5 Best Apps and Online Tools for New Immigrants


Digital resources to ease the move to the United States

Aug 21, 2020


A new immigrant using a phone app.

Starting over in a new city, let alone in a new country, can be daunting. The good news? There are plenty of online tools and apps to help ease the transition for recent immigrants to the United States.

Below are some of the best apps and websites for new immigrants, with the pros and cons of each. All of the apps listed below are free, though some offer up-sells to a different version with less advertising.

1. FindHello

FindHello app for new immigrants

FindHello was created by non-profit USAHello to provide quick access for new arrivals to find services and resources, from lawyers, to childcare, to maps. USAHello was founded to provide digital resources to help immigrants, refugees, and asylum seekers settle into their new communities. The app focuses on connecting users with local services on a community level.

Pros:

  • There is no need to create a login and remember a password.
  • Information is downloadable and can be accessed whenever needed.
  • Available as a web page and as an app.

Cons

  • Not a lot of direction or help options on the app or page.
  • Currently only available in English, Arabic, and Spanish.

2. Homeis

Homeis app for new immigrants

Created by an Israeli immigrant, Homeis positions itself as the social media app for the newly arrived. It strives to combine features found on other social media sites, like groups and pages, into one place that is targeted specifically for foreign-born residents. Homeis aims to provide all the comforts of social media — for example, events, recipes, or just interpersonal connections — while providing a larger dose of cultural inclusion. It is specifically targeted to connect people from the same geographic or cultural background.

Pros:

  • Homeis was created by immigrants who strongly identify with the challenge of suddenly having two homes — the place you live now, and the culture and community you are from.
  • It’s growing into Canada. Homeis currently connects South Asians in Canada as well as the United States, with plans to connect more communities.

Cons:

  • The app’s content silos and design filters drive most of its negative reviews. For instance, the jobs section includes content both from people looking for jobs and people looking to fill positions, with no way to sort it. The same complaint was made about housing; content included a mix of individuals looking for housing with housing opportunities.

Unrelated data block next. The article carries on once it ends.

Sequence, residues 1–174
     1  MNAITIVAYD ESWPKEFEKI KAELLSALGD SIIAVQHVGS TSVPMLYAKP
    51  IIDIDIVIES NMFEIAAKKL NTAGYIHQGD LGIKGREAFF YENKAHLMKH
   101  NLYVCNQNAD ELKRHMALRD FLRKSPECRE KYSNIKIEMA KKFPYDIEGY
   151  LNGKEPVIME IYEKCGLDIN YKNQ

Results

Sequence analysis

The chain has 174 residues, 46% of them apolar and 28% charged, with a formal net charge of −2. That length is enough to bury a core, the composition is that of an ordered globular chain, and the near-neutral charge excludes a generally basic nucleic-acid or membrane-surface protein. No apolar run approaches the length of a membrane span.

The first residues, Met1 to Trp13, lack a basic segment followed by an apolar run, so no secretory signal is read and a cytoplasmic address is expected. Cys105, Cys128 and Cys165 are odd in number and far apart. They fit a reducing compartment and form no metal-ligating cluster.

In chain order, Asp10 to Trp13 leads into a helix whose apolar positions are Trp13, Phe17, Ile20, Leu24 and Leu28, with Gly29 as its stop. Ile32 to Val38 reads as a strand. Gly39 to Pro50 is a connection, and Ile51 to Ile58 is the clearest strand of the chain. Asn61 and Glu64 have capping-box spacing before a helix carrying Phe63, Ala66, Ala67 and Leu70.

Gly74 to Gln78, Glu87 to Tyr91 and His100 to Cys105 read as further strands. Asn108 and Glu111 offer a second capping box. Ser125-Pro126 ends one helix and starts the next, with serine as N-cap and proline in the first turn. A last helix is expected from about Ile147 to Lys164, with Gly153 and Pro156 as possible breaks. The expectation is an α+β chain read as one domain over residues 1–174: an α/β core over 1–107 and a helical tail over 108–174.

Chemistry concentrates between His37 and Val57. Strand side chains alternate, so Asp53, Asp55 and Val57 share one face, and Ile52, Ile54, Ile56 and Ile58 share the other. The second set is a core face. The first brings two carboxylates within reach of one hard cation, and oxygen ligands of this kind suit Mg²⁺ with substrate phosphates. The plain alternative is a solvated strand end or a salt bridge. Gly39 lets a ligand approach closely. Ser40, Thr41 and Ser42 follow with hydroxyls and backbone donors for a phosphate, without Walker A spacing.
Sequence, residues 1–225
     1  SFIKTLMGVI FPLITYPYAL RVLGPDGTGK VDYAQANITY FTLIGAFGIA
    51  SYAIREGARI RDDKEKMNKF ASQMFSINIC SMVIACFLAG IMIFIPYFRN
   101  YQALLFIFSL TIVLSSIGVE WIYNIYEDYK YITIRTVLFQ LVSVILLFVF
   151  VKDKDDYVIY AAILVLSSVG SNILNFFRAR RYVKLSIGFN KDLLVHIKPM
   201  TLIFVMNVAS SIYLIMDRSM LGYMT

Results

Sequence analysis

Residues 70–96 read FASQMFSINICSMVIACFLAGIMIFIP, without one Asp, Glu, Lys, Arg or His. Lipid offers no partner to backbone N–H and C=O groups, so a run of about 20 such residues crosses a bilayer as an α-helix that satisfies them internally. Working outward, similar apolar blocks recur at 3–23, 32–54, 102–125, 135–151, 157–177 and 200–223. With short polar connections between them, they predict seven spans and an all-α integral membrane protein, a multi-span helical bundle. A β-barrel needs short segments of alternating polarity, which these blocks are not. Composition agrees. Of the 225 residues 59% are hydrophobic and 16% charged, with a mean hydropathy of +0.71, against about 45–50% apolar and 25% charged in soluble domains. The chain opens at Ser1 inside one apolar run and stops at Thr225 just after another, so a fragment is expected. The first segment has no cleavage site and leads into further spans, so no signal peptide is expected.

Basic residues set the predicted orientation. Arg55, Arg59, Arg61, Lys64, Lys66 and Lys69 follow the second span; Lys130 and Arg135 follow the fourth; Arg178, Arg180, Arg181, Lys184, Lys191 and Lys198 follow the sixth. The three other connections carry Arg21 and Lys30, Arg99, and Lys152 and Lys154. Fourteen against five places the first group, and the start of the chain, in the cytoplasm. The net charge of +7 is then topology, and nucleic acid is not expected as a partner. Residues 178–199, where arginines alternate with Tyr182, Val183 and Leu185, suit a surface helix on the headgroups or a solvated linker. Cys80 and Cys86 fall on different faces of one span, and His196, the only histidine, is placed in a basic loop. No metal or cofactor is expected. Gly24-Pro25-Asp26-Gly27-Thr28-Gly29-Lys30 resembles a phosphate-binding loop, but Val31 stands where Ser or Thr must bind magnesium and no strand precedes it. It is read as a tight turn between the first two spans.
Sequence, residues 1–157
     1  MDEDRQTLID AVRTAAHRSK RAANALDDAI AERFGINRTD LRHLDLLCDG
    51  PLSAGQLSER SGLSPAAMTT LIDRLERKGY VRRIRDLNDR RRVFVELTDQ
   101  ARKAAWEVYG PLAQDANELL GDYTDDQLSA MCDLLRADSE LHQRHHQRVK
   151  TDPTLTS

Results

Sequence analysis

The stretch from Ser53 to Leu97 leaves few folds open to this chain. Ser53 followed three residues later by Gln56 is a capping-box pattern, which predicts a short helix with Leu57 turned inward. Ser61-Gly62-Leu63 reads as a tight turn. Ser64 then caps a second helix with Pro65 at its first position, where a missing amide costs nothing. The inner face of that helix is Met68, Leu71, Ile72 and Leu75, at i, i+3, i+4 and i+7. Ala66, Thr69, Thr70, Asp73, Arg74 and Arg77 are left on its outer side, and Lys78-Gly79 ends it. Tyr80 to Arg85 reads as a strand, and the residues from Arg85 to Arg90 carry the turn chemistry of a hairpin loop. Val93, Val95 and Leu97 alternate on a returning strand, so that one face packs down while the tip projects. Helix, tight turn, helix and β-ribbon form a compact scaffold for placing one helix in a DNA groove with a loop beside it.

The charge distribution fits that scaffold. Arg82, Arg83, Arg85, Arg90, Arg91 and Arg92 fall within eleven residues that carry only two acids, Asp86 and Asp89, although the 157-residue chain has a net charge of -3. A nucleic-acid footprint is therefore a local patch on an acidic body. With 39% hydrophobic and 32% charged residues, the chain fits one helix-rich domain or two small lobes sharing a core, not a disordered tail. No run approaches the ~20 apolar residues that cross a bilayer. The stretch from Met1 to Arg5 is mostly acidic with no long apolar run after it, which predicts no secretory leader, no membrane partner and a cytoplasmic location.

• Right now the app only offers content for people who speak English, French, or Spanish.

3. Settle In

Settle In app for new immigrants

While geared toward refugees, Settle In offers resources useful to anyone looking to set up a residence in the United States from another country. The app provides information on housing provisions, looking for a job, and practicing a language. Information is presented in several ways, including through quizzes and games. Settle In, created by refugee support program Cultural Orientation Resource Exchange (CORE), is aimed at providing cultural orientation tools — the skills and resources need to adapt to life in the US.

Pros:

  • Easy-to-use interface.
  • Up to six people can have accounts on the same app.
  • Currently available in English, Arabic, Kinyarwanda, Swahili, and Dari.

Cons:

  • Content is primarily aimed at refugees so it may not always be relevant for other users.

4. Google

Google Maps is an app for new immigrants

Google offers a variety of individual apps that can meet a slew of needs:

  • Google Maps not only provides directions, but also public transportation information, including walking directions to the nearest public transport station or stop and car service ordering capabilities. If you get hungry along the way, dining options are quickly available as well as other services such as nearby gas stations. If you don’t want to use up your data, Google Maps has the option to download maps ahead of time.
  • Google Translate offers an easy interface and 90 languages.
  • Google Assistant is an alternative to Siri or Alexa. Ask it anything, and get Google search results.
  • Google Earth and Street View can orient you to where you are, and provide a glimpse of places you might miss.

Pros:

  • 
Google covers the basics, like getting somewhere or translation with support for 109 languages, depending on the app.

Cons:

  • While Google has strict security protocols, it does collect data and is occasionally a little vague on what it uses that data for.
  • Google Translate is still artificial intelligence doing the translating. It is not going to be accurate 100 percent of the time.

5. Unit Converter

Unit Converter app for new immigrants

Less than 10 countries — including the United States — use the Fahrenheit scale when talking about temperatures, and only three countries measure distance in inches and feet. But no worries — Unit Converter quickly converts units of measurements, making it that much easier for a new immigrant to assess the weather outside, bake a cake, or shop for produce.

Pros

  • Unit Converter covers a large number of unit sets, including currency, area, data, mileage, power, pressure and speed.

Cons

  • The free version of Unit Converter does not have the ability to swap variables. For instance, if you were converting American dollars to Canadian dollars, to convert Canadian dollars back to American, you would need to start a new conversion.

Boundless is dedicated to helping immigrants throughout the immigration process, even after they have successfully obtained a green card through our immigration app. Check out our guides for the five best finance apps and the best apps to prepare for the U.S. Citizenship Test!


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